|Organic and Compost-Based Growing Media for Tree Seedling Nurseries (World Bank, 1995)|
There is a large amount of information available pertaining to the composting of wood products and their use in potting media. This annex presents an overview of some of this published information.
Bark's high C/N ratio requires it be lowered for composting by addition of nitrogen. Urea or anhydrous ammonia speeds decomposition and raises the pH into the desired range of 6.5-8.5 (pH of fresh bark is 4.0-5.5) (Hoitink and Poole, 1980). Pine and hardwood barks require slightly different conditions (moisture and nitrogen) for optimal composting because of differences in their cellulose content (i.e. readily decomposable carbon) (Hoitink and Poole, 1980). As a result, additional nitrogen is necessary for composting bark with lower cellulose contents (<5%). The recommended nitrogen amendment (urea) for softwood bark is approximately 0.5-0.75% (the lower range is for wet bark) and for hardwood bark it is higher between 1-1.2% (Cappaert et al., 1976a). One source recommends the addition of 0.6-1.0 kg N/m³ to produce finished compost in 6 weeks for pine and 2-3 times that to complete composting in 10 weeks for hardwood species (Self, 1978). In addition to nitrogen, 0.3 kg P2O5/m³ (0.4% P as superphosphate) has been recommended to increase composting rates (Hoitink, 1980).
Fresh bark has a moisture content around 40%, so a thorough wetting is necessary to increase the moisture content (between 50-65%) (Hoitink, 1980). This may take several days because raw bark tends to be hydrophobic. The moisture content also affects the amount of nitrogen needed for composting, so addition of 0.5% N is recommended for fresh bark (40% moisture) and 0.8% N for wetted bark (Cappeart et al., 1975). Bark from younger trees and bark which contains wood wastes also tend to need more nitrogen for composting.
Sources of additional nitrogen may include piggery and poultry slurries added at a ratio of 1:3 (by volume) slurry-bark mixtures (Verdonck, 1983). Addition of manures can also improve the physical properties over composting bark alone, but only if they do not have excessively high moisture contents (e.g. poultry slurry) which would reduce the porosity of the compost.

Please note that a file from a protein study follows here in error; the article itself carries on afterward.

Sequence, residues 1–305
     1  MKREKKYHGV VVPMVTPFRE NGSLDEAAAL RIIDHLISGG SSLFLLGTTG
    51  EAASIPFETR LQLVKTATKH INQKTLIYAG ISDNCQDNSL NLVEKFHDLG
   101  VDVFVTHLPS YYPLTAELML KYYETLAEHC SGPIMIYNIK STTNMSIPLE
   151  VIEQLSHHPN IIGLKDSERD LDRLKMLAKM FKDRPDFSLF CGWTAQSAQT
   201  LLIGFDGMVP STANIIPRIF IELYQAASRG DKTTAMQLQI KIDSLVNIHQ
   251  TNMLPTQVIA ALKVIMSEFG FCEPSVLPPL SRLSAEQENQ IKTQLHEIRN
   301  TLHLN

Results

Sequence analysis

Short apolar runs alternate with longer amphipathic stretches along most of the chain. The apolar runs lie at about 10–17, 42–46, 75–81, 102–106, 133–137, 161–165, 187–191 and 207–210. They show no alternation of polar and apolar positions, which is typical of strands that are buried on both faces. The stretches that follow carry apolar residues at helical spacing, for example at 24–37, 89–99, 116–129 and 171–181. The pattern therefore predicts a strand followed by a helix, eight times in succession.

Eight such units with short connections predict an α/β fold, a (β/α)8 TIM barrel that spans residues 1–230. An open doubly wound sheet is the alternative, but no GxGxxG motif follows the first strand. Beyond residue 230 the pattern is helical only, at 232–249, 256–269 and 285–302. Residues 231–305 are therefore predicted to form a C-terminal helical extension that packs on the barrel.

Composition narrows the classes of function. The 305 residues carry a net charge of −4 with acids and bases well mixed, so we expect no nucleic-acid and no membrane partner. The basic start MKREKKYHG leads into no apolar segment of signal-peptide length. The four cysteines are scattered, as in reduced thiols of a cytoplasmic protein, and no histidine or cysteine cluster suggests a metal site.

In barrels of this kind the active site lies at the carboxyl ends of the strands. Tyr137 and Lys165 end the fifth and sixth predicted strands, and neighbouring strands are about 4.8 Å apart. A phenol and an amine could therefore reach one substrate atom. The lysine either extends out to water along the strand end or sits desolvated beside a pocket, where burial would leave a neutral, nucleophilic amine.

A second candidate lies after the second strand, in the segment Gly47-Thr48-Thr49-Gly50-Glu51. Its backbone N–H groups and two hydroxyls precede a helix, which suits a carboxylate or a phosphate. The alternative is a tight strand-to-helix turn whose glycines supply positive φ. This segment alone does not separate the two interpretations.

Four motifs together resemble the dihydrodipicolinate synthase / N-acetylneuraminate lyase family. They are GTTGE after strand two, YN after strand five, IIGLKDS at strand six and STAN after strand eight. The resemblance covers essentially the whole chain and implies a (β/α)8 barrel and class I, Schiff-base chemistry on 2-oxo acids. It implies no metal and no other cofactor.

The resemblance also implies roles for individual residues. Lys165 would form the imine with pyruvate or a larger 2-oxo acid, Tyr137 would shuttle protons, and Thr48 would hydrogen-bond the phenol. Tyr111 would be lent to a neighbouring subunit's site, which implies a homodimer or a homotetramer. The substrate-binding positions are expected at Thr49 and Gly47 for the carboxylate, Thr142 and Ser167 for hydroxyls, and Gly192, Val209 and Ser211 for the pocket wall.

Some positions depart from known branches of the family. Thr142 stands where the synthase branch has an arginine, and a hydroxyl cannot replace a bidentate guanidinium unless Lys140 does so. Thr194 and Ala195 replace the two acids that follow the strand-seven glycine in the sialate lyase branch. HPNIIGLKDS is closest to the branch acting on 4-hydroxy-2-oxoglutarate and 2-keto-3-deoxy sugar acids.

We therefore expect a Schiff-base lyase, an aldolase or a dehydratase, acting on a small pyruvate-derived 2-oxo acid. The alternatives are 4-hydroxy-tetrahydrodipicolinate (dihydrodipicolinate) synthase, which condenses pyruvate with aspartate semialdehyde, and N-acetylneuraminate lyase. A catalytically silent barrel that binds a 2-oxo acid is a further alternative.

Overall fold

Size reduction prior to composting is accomplished through shredding or hammermilling. Either before or after composting, the bark should be sieved to remove particles larger than 2.5 cm and one source recommends that 25-33% of the bark be less than 0.5 mm in size (Landis et al., 1990). Some barks may not be utilized in growing media due to their texture after processing. For example in South Africa, Eucalyptus bark was reported to resemble coconut coir dust after hammermilling and was unusable in containers less than 90 mm in diameter (Hodgson, 1980).
The time required for bark to reach the end of active composting is dependent on species, additives and other physical conditions as discussed above. Since use in nurseries require maturity, then one can assume that up to 10 months will be required. If mixed with peat, less mature compost may be used with increasing quantities of peat.
When composted, pine bark has a low bulk density, a moderate CEC, significant (but small) quantities of macro- and micronutrients, a desirable pH range, and is easy to handle (see Annex I, Table 2). Raw bark contains toxic levels of volatile monoterpenes which vary between species, age, geographic location, and the season of collection. Composting will reduce levels of monoterpenes to below toxic levels and kill off pathogenic fungi.
Utilizing pine or hardwood bark as a potting mix provides added protection to seedlings by suppressing some disease causing pathogens. The suppression of pathogens however, differs between hardwood and pine barks. Composted barks of both types suppress Phytophthera and Pythium root rots, but only hardwood bark compost suppresses Rhizoctonia-induced damping-off (Hoitink and Poole, 1980). Inclusion of wood chips in a potting mix will reduce the bark's suppressive capabilities.